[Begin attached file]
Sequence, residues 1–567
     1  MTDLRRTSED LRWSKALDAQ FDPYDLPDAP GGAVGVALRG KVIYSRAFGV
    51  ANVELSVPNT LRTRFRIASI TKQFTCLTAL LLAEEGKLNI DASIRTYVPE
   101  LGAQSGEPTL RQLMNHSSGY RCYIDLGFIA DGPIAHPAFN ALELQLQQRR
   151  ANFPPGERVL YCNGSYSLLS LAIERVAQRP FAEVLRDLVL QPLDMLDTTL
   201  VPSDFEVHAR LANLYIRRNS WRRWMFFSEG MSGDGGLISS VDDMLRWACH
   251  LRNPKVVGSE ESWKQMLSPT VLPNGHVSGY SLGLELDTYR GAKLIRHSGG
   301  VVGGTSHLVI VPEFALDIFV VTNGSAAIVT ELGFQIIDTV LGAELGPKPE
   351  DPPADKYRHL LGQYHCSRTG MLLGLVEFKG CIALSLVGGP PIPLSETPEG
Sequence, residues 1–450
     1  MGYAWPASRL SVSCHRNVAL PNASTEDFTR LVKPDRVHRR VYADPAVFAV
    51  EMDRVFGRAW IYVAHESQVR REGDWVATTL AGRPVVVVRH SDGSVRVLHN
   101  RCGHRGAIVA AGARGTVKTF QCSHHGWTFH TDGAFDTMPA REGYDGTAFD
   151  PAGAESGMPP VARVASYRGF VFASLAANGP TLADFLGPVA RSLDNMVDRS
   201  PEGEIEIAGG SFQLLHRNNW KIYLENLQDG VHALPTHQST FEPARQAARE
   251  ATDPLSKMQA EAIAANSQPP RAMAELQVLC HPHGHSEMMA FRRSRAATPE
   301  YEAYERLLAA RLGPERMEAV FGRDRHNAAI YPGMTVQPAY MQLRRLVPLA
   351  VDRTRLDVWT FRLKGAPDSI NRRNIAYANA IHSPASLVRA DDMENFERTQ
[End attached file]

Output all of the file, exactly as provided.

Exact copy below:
Sequence, residues 1–567
     1  MTDLRRTSED LRWSKALDAQ FDPYDLPDAP GGAVGVALRG KVIYSRAFGV
    51  ANVELSVPNT LRTRFRIASI TKQFTCLTAL LLAEEGKLNI DASIRTYVPE
   101  LGAQSGEPTL RQLMNHSSGY RCYIDLGFIA DGPIAHPAFN ALELQLQQRR
   151  ANFPPGERVL YCNGSYSLLS LAIERVAQRP FAEVLRDLVL QPLDMLDTTL
   201  VPSDFEVHAR LANLYIRRNS WRRWMFFSEG MSGDGGLISS VDDMLRWACH
   251  LRNPKVVGSE ESWKQMLSPT VLPNGHVSGY SLGLELDTYR GAKLIRHSGG
   301  VVGGTSHLVI VPEFALDIFV VTNGSAAIVT ELGFQIIDTV LGAELGPKPE
   351  DPPADKYRHL LGQYHCSRTG MLLGLVEFKG CIALSLVGGP PIPLSETPEG
Sequence, residues 1–450
     1  MGYAWPASRL SVSCHRNVAL PNASTEDFTR LVKPDRVHRR VYADPAVFAV
    51  EMDRVFGRAW IYVAHESQVR REGDWVATTL AGRPVVVVRH SDGSVRVLHN
   101  RCGHRGAIVA AGARGTVKTF QCSHHGWTFH TDGAFDTMPA REGYDGTAFD
   151  PAGAESGMPP VARVASYRGF VFASLAANGP TLADFLGPVA RSLDNMVDRS
   201  PEGEIEIAGG SFQLLHRNNW KIYLENLQDG VHALPTHQST FEPARQAARE
   251  ATDPLSKMQA EAIAANSQPP RAMAELQVLC HPHGHSEMMA FRRSRAATPE
   301  YEAYERLLAA RLGPERMEAV FGRDRHNAAI YPGMTVQPAY MQLRRLVPLA
   351  VDRTRLDVWT FRLKGAPDSI NRRNIAYANA IHSPASLVRA DDMENFERTQ